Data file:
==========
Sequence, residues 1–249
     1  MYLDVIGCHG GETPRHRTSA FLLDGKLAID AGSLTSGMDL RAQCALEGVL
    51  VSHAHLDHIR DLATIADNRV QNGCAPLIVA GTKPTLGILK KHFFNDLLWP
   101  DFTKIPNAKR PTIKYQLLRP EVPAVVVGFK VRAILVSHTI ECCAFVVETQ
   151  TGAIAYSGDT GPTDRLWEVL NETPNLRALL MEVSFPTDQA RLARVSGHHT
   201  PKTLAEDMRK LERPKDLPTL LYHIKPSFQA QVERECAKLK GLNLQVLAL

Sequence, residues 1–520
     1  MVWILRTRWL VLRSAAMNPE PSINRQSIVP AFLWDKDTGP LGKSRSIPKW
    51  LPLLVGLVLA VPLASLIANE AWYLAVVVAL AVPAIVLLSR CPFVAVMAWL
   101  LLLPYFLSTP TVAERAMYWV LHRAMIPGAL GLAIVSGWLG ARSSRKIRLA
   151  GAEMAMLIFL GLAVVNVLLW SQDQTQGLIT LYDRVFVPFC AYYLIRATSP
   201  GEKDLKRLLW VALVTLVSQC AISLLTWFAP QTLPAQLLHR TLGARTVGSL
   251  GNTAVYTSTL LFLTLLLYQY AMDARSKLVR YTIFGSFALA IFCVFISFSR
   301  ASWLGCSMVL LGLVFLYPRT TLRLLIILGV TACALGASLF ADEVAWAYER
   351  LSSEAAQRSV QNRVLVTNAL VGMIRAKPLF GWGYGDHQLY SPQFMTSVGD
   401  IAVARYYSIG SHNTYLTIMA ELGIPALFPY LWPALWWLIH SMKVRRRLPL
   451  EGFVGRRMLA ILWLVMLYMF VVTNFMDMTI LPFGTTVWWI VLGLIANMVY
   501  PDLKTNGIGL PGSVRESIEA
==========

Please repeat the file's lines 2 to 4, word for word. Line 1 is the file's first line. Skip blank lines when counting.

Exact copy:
     1  MYLDVIGCHG GETPRHRTSA FLLDGKLAID AGSLTSGMDL RAQCALEGVL
    51  VSHAHLDHIR DLATIADNRV QNGCAPLIVA GTKPTLGILK KHFFNDLLWP
   101  DFTKIPNAKR PTIKYQLLRP EVPAVVVGFK VRAILVSHTI ECCAFVVETQ